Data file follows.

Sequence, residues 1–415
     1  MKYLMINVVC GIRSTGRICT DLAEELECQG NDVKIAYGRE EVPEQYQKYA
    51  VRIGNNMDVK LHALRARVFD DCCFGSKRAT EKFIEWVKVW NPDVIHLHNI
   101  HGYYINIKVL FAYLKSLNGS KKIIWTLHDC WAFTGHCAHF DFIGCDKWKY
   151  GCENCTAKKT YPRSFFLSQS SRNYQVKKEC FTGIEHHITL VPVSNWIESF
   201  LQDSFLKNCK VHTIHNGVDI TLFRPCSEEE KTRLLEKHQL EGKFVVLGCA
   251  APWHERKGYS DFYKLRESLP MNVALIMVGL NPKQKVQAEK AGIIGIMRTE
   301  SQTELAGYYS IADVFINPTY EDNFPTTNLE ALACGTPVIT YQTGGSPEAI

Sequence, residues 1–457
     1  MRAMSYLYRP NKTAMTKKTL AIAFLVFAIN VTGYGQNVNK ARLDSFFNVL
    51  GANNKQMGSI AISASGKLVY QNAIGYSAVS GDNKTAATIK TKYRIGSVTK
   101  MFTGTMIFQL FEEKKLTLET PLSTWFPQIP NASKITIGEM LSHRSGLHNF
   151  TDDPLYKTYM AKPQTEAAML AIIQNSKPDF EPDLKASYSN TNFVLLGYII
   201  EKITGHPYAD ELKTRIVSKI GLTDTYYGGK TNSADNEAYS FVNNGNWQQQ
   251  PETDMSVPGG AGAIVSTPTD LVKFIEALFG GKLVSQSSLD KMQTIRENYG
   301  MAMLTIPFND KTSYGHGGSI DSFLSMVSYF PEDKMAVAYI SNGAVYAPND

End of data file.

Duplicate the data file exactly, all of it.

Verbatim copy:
Sequence, residues 1–415
     1  MKYLMINVVC GIRSTGRICT DLAEELECQG NDVKIAYGRE EVPEQYQKYA
    51  VRIGNNMDVK LHALRARVFD DCCFGSKRAT EKFIEWVKVW NPDVIHLHNI
   101  HGYYINIKVL FAYLKSLNGS KKIIWTLHDC WAFTGHCAHF DFIGCDKWKY
   151  GCENCTAKKT YPRSFFLSQS SRNYQVKKEC FTGIEHHITL VPVSNWIESF
   201  LQDSFLKNCK VHTIHNGVDI TLFRPCSEEE KTRLLEKHQL EGKFVVLGCA
   251  APWHERKGYS DFYKLRESLP MNVALIMVGL NPKQKVQAEK AGIIGIMRTE
   301  SQTELAGYYS IADVFINPTY EDNFPTTNLE ALACGTPVIT YQTGGSPEAI

Sequence, residues 1–457
     1  MRAMSYLYRP NKTAMTKKTL AIAFLVFAIN VTGYGQNVNK ARLDSFFNVL
    51  GANNKQMGSI AISASGKLVY QNAIGYSAVS GDNKTAATIK TKYRIGSVTK
   101  MFTGTMIFQL FEEKKLTLET PLSTWFPQIP NASKITIGEM LSHRSGLHNF
   151  TDDPLYKTYM AKPQTEAAML AIIQNSKPDF EPDLKASYSN TNFVLLGYII
   201  EKITGHPYAD ELKTRIVSKI GLTDTYYGGK TNSADNEAYS FVNNGNWQQQ
   251  PETDMSVPGG AGAIVSTPTD LVKFIEALFG GKLVSQSSLD KMQTIRENYG
   301  MAMLTIPFND KTSYGHGGSI DSFLSMVSYF PEDKMAVAYI SNGAVYAPND